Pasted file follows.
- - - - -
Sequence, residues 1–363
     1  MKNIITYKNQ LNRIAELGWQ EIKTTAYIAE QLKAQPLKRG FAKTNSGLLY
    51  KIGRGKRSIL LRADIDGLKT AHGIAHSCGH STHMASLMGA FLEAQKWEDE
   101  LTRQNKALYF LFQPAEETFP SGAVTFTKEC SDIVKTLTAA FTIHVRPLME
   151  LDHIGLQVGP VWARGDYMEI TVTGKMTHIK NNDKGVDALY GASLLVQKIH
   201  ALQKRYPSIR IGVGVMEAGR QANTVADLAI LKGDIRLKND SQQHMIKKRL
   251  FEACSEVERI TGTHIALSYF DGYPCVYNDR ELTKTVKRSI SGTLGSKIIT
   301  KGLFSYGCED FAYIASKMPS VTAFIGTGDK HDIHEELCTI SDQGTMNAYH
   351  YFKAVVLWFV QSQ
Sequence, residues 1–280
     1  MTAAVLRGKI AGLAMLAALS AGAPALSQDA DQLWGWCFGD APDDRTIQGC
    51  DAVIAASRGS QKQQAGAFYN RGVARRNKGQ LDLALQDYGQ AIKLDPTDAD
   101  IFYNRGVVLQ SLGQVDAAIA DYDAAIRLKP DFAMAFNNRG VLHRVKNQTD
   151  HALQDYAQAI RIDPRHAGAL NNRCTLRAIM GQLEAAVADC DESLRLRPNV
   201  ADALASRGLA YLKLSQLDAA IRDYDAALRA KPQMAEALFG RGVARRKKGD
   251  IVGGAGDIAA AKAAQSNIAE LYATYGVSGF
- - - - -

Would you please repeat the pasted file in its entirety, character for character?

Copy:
Sequence, residues 1–363
     1  MKNIITYKNQ LNRIAELGWQ EIKTTAYIAE QLKAQPLKRG FAKTNSGLLY
    51  KIGRGKRSIL LRADIDGLKT AHGIAHSCGH STHMASLMGA FLEAQKWEDE
   101  LTRQNKALYF LFQPAEETFP SGAVTFTKEC SDIVKTLTAA FTIHVRPLME
   151  LDHIGLQVGP VWARGDYMEI TVTGKMTHIK NNDKGVDALY GASLLVQKIH
   201  ALQKRYPSIR IGVGVMEAGR QANTVADLAI LKGDIRLKND SQQHMIKKRL
   251  FEACSEVERI TGTHIALSYF DGYPCVYNDR ELTKTVKRSI SGTLGSKIIT
   301  KGLFSYGCED FAYIASKMPS VTAFIGTGDK HDIHEELCTI SDQGTMNAYH
   351  YFKAVVLWFV QSQ
Sequence, residues 1–280
     1  MTAAVLRGKI AGLAMLAALS AGAPALSQDA DQLWGWCFGD APDDRTIQGC
    51  DAVIAASRGS QKQQAGAFYN RGVARRNKGQ LDLALQDYGQ AIKLDPTDAD
   101  IFYNRGVVLQ SLGQVDAAIA DYDAAIRLKP DFAMAFNNRG VLHRVKNQTD
   151  HALQDYAQAI RIDPRHAGAL NNRCTLRAIM GQLEAAVADC DESLRLRPNV
   201  ADALASRGLA YLKLSQLDAA IRDYDAALRA KPQMAEALFG RGVARRKKGD
   251  IVGGAGDIAA AKAAQSNIAE LYATYGVSGF